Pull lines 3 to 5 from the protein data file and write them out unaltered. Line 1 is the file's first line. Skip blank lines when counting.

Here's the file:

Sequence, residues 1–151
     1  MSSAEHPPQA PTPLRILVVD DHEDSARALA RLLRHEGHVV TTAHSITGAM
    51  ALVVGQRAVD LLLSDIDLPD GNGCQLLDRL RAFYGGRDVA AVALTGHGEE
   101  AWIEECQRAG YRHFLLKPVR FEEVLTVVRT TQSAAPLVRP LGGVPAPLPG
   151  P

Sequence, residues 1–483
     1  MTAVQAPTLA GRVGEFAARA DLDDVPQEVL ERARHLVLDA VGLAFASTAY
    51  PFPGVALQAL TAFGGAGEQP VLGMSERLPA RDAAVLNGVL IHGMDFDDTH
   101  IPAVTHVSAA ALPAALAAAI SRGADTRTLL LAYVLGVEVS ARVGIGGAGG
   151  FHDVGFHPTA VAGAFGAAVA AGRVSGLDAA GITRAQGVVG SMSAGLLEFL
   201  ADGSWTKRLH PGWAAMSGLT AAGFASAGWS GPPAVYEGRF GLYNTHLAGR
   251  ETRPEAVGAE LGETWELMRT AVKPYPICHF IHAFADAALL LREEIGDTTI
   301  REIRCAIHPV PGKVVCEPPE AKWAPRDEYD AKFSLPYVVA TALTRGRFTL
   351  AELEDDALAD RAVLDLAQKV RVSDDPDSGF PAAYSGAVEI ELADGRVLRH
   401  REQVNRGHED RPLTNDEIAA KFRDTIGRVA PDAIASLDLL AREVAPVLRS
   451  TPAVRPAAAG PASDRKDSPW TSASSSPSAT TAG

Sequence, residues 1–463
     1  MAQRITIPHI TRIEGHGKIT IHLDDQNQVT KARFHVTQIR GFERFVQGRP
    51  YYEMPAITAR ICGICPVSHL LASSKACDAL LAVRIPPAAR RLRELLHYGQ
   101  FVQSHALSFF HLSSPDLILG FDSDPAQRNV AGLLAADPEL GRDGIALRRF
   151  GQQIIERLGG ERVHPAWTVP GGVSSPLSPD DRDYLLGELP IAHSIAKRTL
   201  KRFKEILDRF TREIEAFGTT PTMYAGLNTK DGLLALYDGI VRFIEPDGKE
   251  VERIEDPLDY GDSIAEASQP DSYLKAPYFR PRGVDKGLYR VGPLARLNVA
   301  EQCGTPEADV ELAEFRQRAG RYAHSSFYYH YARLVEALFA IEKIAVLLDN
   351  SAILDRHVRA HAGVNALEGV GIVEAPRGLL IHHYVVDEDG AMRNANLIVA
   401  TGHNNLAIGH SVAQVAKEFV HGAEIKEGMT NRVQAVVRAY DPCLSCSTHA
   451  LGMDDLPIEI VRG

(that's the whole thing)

    51  ALVVGQRAVD LLLSDIDLPD GNGCQLLDRL RAFYGGRDVA AVALTGHGEE
   101  AWIEECQRAG YRHFLLKPVR FEEVLTVVRT TQSAAPLVRP LGGVPAPLPG
   151  P